A large fraction of those involved in the entertainment industry are heaving a sigh of relief hoping that the Supreme court squashing of the California video game law will make way for leniancy towards movies and other form of media as well.
In a 7-2 ruling, the US Supreme Court barred states from banning the sale or rental of violent games to children citing that doing so would be a violation of freedom of speech.
Even where the protection of children is the object, the constitutional limits on governmental action apply, opines Justice Antonin Scalia.
With this ruling the Supreme Court has established that like movies, video games come under the protection of the First Amendment.
The court held that, Like protected books, movies and plays, they (video games) communicate through familiar literary devices and features distinctive to the media. And the basic principles of freedom of speech do not vary with a new and different communication medium.
The most basic princple - the government lacks the power to restrict expression because of its message, ideas, subject matter, or content.
By striking down California's ban on selling violent video games to minors, the court declared unconstitutional a law that has been blocked by court orders since it was passed in 2005.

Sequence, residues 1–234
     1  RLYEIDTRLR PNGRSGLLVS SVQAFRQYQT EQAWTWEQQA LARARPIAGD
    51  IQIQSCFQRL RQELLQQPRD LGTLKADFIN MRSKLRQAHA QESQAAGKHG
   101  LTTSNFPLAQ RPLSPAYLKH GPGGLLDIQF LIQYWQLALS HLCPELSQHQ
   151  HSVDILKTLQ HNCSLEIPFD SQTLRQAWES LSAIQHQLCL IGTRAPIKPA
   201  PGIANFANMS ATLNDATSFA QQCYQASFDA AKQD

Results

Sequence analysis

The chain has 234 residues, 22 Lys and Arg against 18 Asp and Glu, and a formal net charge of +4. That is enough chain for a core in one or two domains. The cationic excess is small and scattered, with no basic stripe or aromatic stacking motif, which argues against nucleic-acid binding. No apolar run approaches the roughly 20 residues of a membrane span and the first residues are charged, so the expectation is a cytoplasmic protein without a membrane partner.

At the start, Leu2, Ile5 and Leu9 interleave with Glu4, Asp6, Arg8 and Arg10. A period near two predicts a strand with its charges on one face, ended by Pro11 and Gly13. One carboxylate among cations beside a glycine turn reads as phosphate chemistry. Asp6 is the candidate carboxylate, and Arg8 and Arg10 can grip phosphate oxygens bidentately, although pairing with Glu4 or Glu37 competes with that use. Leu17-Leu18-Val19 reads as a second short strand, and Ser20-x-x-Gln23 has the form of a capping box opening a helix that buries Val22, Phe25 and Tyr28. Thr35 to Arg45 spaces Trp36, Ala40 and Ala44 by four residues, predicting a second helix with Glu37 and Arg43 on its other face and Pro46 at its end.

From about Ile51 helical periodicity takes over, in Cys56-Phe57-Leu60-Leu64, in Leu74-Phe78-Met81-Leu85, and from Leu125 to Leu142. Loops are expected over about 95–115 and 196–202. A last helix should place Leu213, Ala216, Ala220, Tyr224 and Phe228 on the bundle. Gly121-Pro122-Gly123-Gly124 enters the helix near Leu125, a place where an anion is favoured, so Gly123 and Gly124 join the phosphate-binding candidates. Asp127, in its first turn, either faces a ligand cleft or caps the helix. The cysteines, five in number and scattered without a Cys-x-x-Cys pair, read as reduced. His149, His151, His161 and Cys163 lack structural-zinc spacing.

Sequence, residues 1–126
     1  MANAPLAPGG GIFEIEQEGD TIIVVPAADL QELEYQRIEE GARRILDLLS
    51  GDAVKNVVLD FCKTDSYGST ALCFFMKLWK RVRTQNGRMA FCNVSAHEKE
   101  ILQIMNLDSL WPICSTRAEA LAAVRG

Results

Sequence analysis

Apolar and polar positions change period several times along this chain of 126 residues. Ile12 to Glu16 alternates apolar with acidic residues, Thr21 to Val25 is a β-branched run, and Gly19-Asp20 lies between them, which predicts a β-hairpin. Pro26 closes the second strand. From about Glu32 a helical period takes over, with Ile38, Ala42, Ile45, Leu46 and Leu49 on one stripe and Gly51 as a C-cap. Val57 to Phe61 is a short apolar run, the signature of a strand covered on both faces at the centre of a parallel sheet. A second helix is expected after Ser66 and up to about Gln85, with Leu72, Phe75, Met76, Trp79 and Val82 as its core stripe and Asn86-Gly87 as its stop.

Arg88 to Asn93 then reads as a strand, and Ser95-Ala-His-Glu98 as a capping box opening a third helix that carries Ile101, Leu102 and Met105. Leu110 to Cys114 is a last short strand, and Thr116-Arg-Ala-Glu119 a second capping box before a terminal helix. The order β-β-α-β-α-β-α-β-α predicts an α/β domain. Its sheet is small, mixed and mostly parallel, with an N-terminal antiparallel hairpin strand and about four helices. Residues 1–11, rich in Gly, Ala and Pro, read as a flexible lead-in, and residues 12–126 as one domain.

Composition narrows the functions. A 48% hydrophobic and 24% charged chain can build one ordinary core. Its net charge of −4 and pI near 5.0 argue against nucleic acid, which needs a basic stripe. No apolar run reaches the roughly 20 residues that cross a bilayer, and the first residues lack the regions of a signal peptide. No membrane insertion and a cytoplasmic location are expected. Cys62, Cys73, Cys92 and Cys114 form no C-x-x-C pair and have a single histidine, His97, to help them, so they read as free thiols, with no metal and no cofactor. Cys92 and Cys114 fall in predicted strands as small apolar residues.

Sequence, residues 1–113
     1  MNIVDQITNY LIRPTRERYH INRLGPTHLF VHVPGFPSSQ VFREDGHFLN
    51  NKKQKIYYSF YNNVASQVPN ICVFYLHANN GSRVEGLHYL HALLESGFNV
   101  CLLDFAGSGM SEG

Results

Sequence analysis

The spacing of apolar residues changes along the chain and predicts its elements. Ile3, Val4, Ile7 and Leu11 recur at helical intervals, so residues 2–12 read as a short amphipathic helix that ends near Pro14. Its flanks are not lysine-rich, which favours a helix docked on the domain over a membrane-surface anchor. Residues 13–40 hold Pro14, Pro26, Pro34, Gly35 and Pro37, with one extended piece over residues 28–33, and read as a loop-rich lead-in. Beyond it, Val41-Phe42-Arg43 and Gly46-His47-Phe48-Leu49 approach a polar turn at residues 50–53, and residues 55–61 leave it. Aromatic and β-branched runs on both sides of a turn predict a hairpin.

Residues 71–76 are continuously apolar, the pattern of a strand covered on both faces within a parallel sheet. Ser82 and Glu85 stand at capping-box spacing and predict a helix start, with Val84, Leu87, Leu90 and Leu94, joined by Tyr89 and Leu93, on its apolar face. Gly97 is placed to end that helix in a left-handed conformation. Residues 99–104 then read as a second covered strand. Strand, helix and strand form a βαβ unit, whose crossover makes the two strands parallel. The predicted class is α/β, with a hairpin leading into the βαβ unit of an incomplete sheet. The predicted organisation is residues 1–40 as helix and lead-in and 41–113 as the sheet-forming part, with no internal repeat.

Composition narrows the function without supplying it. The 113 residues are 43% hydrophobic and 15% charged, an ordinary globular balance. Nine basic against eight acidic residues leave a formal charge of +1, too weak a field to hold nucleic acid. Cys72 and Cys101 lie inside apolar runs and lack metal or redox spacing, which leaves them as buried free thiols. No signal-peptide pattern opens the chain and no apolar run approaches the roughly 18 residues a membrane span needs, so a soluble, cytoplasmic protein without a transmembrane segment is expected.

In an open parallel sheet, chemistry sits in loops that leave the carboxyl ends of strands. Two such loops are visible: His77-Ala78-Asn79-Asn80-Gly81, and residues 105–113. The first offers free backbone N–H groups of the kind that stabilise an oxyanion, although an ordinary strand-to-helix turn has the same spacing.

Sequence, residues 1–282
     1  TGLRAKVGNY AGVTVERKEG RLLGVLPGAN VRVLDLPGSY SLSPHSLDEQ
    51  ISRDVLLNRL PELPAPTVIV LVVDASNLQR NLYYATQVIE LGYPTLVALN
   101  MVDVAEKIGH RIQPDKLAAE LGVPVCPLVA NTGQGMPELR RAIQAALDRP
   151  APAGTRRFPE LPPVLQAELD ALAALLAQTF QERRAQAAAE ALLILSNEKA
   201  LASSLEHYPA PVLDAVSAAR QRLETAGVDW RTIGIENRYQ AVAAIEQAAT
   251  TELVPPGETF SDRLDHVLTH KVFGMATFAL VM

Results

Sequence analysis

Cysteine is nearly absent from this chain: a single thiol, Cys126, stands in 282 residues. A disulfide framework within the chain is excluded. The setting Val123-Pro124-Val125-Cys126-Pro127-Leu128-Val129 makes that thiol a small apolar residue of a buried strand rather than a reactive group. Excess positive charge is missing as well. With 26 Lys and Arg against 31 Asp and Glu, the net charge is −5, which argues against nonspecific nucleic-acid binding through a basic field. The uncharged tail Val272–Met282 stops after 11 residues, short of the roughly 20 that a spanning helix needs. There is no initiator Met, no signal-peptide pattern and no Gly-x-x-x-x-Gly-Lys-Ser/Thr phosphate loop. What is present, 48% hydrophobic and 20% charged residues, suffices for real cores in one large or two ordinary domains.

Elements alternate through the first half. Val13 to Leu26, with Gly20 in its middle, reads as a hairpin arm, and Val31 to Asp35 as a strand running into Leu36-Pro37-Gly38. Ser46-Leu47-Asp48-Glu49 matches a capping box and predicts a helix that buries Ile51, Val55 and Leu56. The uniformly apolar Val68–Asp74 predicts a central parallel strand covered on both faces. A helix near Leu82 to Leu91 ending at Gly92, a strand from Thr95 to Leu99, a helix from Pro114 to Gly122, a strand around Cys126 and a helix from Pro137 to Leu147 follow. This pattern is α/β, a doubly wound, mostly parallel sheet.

As the ruling has largely evoked positive reaction for upholding the First Amendment and applying to a newer avatar of entertainment, well-crafted arguments have emerged on how the ruling will affect the entertainment media at large.
An LATimes blog said that the ruling was greeted with a collective sigh of relief from many in the entertainment industry who saw the law as having broad ramifications for not just games but also movies, music and books that deal with topics that touch on violence.
Today, the Supreme Court affirmed what we have always known that free speech protections apply every bit as much to video games as they do other forms of creative expression like books, movies and music, Michael Gallagher, chief executive of the Entertainment Software Assn., a games industry group was quoted as saying.
Another opinion piece on the Washington Post argues, 'The Supreme Court was right to strike down California's video game law.'The justices rejected a radical challenge to free speech - in the process protecting all of us, not just children, writes Catherine J. Ross who is a professor at George Washington University Law School and is also writing a book on the First Amendment and public schools.
While the squashing of the law aimed at protecting the children from obscene violence has the parents dejected, the Supreme Court has left a larger crowd happy, including observers and those in the entertainment industry. But as Justice Scalia pointed out, it is difficult to distinguish politics from entertainment, and dangerous to to try.